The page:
More on Core Training, You Can Never Get Enough, Especially Core Training for Tennis Players and to Prevent Low Back Pain!

Core Training

“Core” training is pretty trendy, but very important. A good definition of the core is “the lumbo-pelvic-hip-complex (LPHC), thoracic and cervical spine. Basically, anything but the arms and legs.  The core is where movement initiates and where our center of gravity lies.  It is crucial for transmitting force from the lower extremity up through the rest of the body or from the upper extremity down through the rest of the body. If the musculature within the core does not provide appropriate stability, force production will be reduced and the passive system (ligaments, discs, bones) will be exposed to excessive forces.

The musculature in the core can be categorized into two systems.

Stabilization System

 

Movement System

Transverse Abdominus

 

Rectus Abdominus

Internal Oblique

 

External Oblique

Diaphragm

 

Erector Spinae

Pelvic Floor Musculature

 

Psoas/Hip Flexor Complex

Transversospinalis

 

Hamstring Complex

Lumbar Multifidi

 

Adductor Complex

 

 

Quadratus Lumborum

 

The stabilization system musculature is comprised of mostly Type I muscle fibers. Compared to Type II muscle fibers, they are smaller in size, have better endurance and can produce less force. They attach close to the spine and provide what is called inter-segmental or inter-vertebral stabilization. They help to maintain alignment of the vertebrae. 

Due to poor posture, muscular imbalances, poor technical skill or past injury, the stabilization muscles are often weak and inhibited (unable to reduce, produce or dynamically stabilize force), hard to control and have poor endurance. This is often times a major limiting factor to optimal athletic and daily performance. 

This is a HUGE contributing factor to low back pain!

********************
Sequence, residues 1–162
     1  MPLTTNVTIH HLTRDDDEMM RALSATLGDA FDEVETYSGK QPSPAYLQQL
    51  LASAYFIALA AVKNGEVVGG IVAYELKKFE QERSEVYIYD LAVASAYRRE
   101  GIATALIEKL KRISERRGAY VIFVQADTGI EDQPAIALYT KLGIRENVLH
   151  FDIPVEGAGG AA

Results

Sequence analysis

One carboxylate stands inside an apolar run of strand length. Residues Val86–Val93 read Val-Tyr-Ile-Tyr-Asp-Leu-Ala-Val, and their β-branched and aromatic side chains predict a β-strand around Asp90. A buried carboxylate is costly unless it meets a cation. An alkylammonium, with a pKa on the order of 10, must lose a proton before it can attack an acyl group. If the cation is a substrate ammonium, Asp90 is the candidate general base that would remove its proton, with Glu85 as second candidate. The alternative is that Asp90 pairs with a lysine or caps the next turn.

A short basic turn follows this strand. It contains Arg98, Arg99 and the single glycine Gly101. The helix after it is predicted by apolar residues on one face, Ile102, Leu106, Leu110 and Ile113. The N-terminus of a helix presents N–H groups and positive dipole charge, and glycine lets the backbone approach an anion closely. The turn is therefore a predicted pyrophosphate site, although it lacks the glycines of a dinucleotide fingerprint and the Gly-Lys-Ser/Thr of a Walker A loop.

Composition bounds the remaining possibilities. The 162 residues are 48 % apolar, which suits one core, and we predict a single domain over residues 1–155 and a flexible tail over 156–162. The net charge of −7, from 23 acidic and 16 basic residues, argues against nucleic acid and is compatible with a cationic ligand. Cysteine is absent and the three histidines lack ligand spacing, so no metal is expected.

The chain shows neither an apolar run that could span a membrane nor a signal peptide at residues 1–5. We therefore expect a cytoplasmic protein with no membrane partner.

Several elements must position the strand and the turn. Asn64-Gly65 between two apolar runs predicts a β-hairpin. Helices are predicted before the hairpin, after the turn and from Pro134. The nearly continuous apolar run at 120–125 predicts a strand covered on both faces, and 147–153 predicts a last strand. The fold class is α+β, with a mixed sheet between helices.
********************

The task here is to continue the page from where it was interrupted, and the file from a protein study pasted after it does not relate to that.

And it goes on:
Challenge

Are you a chest breather or a diaphragmatic breather?

1) place your left thumb in your belly button and let the rest of your palm support your “pooch” or lower abdomen. If you do not have a pooch eat moreJ

2) place your right hand just under your collar bones, on top of your sternum right in the middle of your chest with the palm flat against your body

3) take 3 or 4 deep breathes, what hand moves first> top or bottom? Which hand move ore top or bottom?

Tune in next time for your results and to see if you passed the challenge!!!

         By training the core properly, this will strengthen the muscles surrounding the spine which can help prevent back pain.

         By training the core properly, this will create a strong foundation for the prime movers, allowing you to lift more weight.

         By training the core properly, this will enhance you or your client’s, patient’s or athlete’s cosmetic appearance by emphasizing the drawn-in abdominal region.

Thanks for reading and remember core training is critical for everyone, especially my tennis players!

Eric Beard
Athletic Performance Enhancement Specialist
Corrective Exercise Specialist
theericbeard.blogspot.com
www.ericbeard.com

ps. If you want to learn more about keeping your low back healthy, check this out http://tinyurl.com/9xvy8f
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This entry was posted in flexibility for tennis, injury prevention, low back pain, Shoulder Rehabilitation for Athletes, tennis conditioning. Bookmark the permalink. Post a comment or leave a trackback: Trackback URL.

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